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  • Writer's pictureJeremiah Ritchie

Clear the Mechanism

I recently watched the first few episodes of Yellowstone. I can understand why so many people like it. It's freedom and guns, horses and cowboy hats, sex and politics and conspiracy. It's also Kevin Costner in what is surely an iconic, career defining role. But my favorite Costner characters are sports themed. How do you not shed a tear when he gets to play catch with his dad in Field of Dreams? More than once I've dropped another ball on the golf course, Tin Cup style, until I make the shot I know I can hit. But the movie I quote to myself more than any other is from his 1999 film For Love of The Game where he plays Billy Chapel, a veteran pitcher for the Detroit Tigers who might be pitching in his last game. He takes the mound in front of a capacity crowd at Yankee Stadium, holds his glove to his chest and says, "Clear the Mechanism."

When Billy says this, the crowd goes nearly silent. All of the jeers and insults of Yankee's fans become nothing more than white noise. Everything blurs out except the catcher (played by John C. Reilly) and the next batter up. He gets the signal, winds up, delivers the pitch, and we're left with nothing but the musical sound of a fastball connecting with leather and the loud call of "Striiike Onne." It's magical, at least if you're a baseball fan. It's the tool Billy uses to remove the distractions in a high-pressure environment so that he can perform his craft.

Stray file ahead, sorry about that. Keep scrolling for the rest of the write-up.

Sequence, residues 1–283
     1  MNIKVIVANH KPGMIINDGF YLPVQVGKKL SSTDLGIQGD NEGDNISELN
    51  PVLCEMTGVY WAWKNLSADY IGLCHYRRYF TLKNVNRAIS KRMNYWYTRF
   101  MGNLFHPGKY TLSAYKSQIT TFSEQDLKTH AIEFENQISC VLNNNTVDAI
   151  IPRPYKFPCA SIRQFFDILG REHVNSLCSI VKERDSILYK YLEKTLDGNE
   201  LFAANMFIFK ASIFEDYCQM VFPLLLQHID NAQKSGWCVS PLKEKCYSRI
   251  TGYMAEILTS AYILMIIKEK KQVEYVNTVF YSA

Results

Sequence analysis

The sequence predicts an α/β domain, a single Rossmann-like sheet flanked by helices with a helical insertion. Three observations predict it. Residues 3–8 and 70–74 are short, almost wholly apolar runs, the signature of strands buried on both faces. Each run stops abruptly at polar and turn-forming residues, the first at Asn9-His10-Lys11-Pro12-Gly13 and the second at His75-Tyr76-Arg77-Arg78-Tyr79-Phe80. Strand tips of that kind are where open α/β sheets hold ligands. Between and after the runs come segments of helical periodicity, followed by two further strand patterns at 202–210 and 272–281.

I use this phrase all the time. Sometimes it's just to help me refocus at work and get to the task at hand. Sometimes it's when I'm doing work around the house or reading or even on the golf course when I've bogeyed two holes in a row and am having a hard time getting over a three-putt. Clear the mechanism. Put all the distractions aside and just think about the next shot.

There are many ways you can put this device to work for you. Billy's mantra is just one example. Before a coaching session I light a candle and sit in silence for three to five minutes. Sometimes when I'm working in a crowded environment and there's a lot of conversation (like right now), I'll slip on some noise cancelling headphones, take a sip of beer, and sit still until the dark brown liquid settles in the glass. Then I write. Any ritual of intention can help you tune out to the things vying for your attention.

You can use this in more personal ways, too, when you're just trying to engage in something important to you.

Do you need to spend some quality time with your kids but are having a hard time disconnecting from work or the lawn that needs to be mowed or the bird feeder that needs filled?

Clear the mechanism.

Do you need to mow the lawn but you've just remembered an email you forgot to send at work earlier that day?

Clear the mechanism.

Is there a good book you started but haven't opened again in weeks? A long walk in the dark you've been putting off because it seems selfish? A friend you haven't spoken to in a couple years, not because of anything specific but because life just happens?

Clear the mechanism.

Distractions will always come up whenever you try to do something important, something of meaning or change or transformation. Steven Presfield, in his crucial book The War of Art, calls it Resistance. And resistance will bury you. It's vital that you develop tools to overcome resistance whenever it pops up. Hopefully this can be one for you.

Clear the mechanism.

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